In this episode, we explore how and why we often talk ourselves out of making the changes we want to make - and give you some tools that will allow you to push through that self-sabotage.
There’s an odd but very common phenomenon where we identify a change we’d like to make in our lives, we get excited about it (we may even take a step or two toward making it) but then, we abandon the effort before we’ve really even tried long enough to succeed (or fail!).
Resources mentioned: Workplace Hero podcast episode: Work Expands (or contracts) to the Time Allowed
Key Takeaways: Your brain is wired to seek familiarity, comfort, and efficiency. Change is by definition unfamiliar, uncomfortable, and inefficient.
Talking you out of change--by convincing you that change isn’t possible or that now is not a good time--is your lower brains’ attempt to keep you safe.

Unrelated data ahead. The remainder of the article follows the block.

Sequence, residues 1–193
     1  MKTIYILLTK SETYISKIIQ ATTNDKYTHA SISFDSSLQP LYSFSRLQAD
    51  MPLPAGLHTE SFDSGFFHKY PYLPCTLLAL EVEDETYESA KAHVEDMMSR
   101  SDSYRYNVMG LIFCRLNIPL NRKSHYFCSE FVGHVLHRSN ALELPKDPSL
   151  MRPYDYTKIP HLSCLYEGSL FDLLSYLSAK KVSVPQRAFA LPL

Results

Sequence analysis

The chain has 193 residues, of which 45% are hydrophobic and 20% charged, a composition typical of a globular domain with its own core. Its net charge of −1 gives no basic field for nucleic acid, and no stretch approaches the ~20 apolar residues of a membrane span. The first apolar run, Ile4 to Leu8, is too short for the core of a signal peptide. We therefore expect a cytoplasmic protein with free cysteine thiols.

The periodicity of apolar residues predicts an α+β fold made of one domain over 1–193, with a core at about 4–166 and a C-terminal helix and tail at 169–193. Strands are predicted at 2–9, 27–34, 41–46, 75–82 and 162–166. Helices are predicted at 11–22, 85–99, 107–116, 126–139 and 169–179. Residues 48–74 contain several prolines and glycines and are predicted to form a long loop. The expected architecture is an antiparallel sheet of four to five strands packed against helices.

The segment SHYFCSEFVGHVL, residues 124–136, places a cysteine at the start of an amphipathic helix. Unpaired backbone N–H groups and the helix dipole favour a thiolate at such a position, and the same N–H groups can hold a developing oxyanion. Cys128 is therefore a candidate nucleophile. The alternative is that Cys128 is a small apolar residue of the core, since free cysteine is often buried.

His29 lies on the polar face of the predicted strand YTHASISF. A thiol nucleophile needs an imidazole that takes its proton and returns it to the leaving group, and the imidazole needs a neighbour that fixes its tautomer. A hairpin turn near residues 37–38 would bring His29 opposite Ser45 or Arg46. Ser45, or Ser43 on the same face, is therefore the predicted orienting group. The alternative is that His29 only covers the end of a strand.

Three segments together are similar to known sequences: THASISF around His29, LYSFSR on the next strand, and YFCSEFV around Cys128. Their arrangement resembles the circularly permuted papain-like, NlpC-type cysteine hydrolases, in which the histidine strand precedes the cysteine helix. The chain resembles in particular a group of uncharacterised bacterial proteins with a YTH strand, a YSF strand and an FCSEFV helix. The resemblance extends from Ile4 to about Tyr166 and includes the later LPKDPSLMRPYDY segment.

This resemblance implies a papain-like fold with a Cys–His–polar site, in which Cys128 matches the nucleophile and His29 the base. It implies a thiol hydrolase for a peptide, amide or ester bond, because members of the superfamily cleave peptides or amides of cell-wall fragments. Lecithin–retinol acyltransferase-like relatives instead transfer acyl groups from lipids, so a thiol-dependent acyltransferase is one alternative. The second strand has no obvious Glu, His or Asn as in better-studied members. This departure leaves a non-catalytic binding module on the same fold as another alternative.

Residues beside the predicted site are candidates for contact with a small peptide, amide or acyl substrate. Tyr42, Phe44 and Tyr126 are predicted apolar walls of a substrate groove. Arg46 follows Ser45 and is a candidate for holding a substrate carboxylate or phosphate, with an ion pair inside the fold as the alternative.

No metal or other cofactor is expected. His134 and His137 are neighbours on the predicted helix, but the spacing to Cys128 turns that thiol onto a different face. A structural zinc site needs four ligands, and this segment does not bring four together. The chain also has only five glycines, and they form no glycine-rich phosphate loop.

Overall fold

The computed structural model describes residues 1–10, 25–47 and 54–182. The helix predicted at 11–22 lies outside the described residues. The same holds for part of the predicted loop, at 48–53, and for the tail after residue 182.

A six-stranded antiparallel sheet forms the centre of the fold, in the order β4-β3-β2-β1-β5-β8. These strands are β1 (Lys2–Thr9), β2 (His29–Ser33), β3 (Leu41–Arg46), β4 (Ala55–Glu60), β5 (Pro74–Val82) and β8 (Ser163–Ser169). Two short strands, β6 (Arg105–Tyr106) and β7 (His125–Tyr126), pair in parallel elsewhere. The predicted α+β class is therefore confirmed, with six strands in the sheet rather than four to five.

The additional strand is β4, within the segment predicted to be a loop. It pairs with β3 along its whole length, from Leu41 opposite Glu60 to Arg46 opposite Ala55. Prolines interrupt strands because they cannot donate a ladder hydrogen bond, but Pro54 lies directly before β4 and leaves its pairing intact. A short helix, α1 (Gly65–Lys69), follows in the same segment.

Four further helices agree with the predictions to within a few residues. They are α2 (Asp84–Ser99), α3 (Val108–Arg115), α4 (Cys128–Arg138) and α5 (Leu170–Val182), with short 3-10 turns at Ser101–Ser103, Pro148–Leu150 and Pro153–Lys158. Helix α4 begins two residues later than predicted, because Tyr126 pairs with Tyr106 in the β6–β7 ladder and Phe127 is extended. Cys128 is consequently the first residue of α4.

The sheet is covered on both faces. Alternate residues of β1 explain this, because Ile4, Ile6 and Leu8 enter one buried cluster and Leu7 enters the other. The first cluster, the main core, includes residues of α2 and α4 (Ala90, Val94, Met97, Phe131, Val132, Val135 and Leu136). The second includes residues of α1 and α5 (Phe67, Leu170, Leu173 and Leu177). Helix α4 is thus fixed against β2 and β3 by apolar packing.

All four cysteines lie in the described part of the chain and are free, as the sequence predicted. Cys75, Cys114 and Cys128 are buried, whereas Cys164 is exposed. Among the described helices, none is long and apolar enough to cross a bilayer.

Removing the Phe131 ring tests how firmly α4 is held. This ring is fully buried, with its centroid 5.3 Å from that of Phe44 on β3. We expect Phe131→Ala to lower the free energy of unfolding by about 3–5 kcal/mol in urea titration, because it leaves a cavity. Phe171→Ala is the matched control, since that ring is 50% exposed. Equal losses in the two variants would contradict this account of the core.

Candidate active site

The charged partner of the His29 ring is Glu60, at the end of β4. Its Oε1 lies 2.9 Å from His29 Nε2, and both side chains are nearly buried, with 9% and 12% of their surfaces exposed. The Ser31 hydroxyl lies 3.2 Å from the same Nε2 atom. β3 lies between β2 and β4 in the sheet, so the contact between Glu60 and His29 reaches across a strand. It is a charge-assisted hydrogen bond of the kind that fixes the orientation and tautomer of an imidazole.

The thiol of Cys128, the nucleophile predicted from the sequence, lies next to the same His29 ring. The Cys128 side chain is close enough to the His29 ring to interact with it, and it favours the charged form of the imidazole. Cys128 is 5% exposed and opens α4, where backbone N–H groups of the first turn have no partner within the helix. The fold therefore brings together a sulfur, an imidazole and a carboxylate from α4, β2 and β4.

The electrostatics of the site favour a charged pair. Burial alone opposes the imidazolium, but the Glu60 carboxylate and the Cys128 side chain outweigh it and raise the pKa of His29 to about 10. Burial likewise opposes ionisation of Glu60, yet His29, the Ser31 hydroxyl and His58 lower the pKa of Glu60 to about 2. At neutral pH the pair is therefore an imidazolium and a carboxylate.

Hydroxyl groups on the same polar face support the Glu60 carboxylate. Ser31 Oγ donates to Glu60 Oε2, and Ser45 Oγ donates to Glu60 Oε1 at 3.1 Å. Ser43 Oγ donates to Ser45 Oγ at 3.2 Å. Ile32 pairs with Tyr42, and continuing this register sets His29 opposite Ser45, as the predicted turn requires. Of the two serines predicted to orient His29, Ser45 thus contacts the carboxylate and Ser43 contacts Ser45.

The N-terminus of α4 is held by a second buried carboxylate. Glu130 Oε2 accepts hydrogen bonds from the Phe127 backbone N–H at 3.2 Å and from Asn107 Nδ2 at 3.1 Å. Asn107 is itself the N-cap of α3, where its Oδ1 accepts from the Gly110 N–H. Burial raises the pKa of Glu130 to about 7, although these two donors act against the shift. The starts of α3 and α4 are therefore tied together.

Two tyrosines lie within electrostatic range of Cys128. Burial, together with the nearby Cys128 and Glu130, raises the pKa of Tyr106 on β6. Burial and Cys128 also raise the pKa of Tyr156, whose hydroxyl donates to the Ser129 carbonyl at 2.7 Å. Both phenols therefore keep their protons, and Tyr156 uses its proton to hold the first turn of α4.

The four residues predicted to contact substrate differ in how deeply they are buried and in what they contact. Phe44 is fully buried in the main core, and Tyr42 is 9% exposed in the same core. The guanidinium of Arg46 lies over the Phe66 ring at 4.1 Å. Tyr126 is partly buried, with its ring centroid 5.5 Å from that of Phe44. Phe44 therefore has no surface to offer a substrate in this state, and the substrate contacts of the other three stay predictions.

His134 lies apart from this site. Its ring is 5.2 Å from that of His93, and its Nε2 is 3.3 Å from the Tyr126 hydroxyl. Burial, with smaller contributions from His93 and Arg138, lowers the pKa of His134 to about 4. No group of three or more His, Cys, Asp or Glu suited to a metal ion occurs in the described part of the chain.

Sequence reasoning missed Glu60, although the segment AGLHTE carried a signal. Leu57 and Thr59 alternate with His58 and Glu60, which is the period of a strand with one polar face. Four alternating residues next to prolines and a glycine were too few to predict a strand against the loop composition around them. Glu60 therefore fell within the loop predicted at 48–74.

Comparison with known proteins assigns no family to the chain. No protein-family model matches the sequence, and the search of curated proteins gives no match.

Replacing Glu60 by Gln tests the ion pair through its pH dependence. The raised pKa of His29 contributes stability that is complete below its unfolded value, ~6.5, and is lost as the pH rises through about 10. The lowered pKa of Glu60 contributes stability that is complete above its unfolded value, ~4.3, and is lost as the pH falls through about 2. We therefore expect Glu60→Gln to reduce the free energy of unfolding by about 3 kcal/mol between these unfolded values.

Often these thoughts are operating below the surface or your conscious awareness.
By tuning into these thoughts with your higher brain, you can decide whether or not they are actually serving you.
How are you talking yourself out of making a change? Identify the reason or excuse your brain has come up with and write it down as an "Unhelpful Thought."
Then use the following questions to assess the validity of this thought:
- Is there substantial evidence for or against my thought?
- Am I trying to interpret this situation without all the evidence?
- What would a friend think about this situation if I consulted them?
- If I talk myself out of change, how will I feel a year from now? How about five years from now?
Now, see if you can rewrite your unhelpful thought in a more balanced, rational, and helpful way. With practice, this can become a very effective tool for thought management in all realms of life.